Abstract

precis:

This essay aims to uncover the methods and strategies adopted by Islamist groups in the Arab community in Israel in providing social services for children. It describes the results of a case study that focuses on the observation of the work of two Islamic groups in Baqa al-Gharbiya, an Arab city in the immediate vicinity of the Green Line. The study adopts the methodology of qualitative research through in-depth interviews with sixty persons, including children. The characteristics of the services these groups provide will be identified, as well as the links among the organizations and with other community and government organizations. The results indicate that these Islamist groups have a significant presence and influence in the Arab community, as they are active in the political and social spheres comparable to Islamist social service providers in other countries in the Middle East. Palestinian Arab clients prefer to turn to the Islamist groups for help over public social services provided by Israel. When they reach out, it is easier to build trust due to their shared religious and social background. The Israeli institutions, by contrast, represent an intrusive, alien force that they associate with land expropriation and neglect in providing social services.

Abstract:

This essay aims to uncover the methods and strategies adopted by Islamist groups in the Arab community in Israel in providing social services for children. It describes the results of a case study that focuses on the observation of the work of two Islamic groups in Baqa al-Gharbiya, an Arab city in the immediate vicinity of the Green Line. The study adopts the methodology of qualitative research through in-depth interviews with sixty persons, including children. The characteristics of the services these groups provide will be identified, as well as the links among the organizations and with other community and government organizations. The results indicate that these Islamist groups have a significant presence and influence in the Arab community, as they are active in the political and social spheres comparable to Islamist social service providers in other countries in the Middle East. Palestinian Arab clients prefer to turn to the Islamist groups for help over public social services provided by Israel. When they reach out, it is easier to build trust due to their shared religious and social background. The Israeli institutions, by contrast, represent an intrusive, alien force that they associate with land expropriation and neglect in providing social services.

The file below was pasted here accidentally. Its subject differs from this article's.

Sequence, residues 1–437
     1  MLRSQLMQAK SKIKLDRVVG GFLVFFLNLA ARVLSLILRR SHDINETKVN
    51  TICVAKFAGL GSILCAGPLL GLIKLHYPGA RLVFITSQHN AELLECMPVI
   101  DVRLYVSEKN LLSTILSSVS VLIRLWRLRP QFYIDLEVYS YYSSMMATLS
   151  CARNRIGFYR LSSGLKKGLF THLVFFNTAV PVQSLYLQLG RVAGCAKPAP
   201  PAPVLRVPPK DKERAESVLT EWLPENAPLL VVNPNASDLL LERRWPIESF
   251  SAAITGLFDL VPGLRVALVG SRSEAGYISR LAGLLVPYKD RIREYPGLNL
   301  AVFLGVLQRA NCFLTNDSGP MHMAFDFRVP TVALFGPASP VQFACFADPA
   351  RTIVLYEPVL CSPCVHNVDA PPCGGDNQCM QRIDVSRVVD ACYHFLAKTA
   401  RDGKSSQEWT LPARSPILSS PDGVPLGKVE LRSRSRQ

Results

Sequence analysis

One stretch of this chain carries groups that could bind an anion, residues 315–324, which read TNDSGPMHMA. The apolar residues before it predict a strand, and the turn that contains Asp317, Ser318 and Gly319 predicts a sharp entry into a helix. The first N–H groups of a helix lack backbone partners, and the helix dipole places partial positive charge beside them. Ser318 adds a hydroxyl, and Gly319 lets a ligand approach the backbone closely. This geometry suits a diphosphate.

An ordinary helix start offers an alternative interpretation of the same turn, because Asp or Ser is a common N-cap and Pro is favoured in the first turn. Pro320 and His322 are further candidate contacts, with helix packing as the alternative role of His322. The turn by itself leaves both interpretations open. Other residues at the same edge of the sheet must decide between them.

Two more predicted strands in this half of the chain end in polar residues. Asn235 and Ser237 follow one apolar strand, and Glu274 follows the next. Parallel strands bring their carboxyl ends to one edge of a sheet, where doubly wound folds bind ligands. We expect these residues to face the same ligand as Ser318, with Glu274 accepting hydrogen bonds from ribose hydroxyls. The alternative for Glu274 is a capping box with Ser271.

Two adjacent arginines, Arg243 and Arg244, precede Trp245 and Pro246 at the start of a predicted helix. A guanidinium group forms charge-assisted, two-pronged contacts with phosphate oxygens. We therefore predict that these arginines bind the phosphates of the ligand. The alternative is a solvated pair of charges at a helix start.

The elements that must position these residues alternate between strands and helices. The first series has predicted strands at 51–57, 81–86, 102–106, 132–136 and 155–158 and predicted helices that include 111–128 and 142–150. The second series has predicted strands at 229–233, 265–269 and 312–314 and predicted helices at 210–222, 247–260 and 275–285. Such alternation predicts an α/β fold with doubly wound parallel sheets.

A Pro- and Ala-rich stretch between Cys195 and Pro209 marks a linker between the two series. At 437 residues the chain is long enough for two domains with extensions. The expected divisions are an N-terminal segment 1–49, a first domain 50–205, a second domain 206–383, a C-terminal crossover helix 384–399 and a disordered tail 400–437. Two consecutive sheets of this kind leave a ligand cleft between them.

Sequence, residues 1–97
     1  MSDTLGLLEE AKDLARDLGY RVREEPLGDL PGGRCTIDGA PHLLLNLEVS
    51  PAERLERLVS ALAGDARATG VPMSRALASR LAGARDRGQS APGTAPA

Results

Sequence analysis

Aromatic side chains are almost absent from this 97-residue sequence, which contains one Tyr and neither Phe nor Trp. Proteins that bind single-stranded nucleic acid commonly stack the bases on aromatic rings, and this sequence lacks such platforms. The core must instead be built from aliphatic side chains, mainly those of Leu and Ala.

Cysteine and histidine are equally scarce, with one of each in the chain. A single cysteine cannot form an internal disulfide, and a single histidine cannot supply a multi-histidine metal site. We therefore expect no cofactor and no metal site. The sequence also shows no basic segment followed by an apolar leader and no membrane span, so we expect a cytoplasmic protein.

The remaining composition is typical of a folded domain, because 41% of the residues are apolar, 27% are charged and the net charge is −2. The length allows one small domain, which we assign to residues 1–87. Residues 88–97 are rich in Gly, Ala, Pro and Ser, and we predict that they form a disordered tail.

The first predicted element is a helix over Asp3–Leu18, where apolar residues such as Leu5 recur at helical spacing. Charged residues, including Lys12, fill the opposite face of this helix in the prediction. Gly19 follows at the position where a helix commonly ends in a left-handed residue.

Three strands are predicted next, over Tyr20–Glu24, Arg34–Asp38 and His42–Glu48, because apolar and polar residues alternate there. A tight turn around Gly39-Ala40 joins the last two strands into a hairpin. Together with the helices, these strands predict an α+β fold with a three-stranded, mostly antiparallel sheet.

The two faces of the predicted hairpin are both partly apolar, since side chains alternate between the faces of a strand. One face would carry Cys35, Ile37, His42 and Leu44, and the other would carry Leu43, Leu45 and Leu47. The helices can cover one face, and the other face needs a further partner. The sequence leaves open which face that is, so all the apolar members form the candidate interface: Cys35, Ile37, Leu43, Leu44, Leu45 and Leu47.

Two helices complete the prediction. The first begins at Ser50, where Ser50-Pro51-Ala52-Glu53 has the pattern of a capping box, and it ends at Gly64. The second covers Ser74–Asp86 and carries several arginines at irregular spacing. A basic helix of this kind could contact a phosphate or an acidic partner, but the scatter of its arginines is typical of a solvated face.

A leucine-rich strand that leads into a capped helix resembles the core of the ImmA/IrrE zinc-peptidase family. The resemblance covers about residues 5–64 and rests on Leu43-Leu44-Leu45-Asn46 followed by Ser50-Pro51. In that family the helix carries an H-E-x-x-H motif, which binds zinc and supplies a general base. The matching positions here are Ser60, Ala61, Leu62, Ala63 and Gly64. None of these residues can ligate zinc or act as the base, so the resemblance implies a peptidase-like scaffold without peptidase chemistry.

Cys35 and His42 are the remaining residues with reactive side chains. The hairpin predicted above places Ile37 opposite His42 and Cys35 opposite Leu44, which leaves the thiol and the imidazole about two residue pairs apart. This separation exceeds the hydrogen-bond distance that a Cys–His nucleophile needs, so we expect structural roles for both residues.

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Additional Information

ISSN
2162-3937
Print ISSN
0022-0558
Pages
pp. 456-469
Launched on MUSE
2021-08-18
Open Access
No
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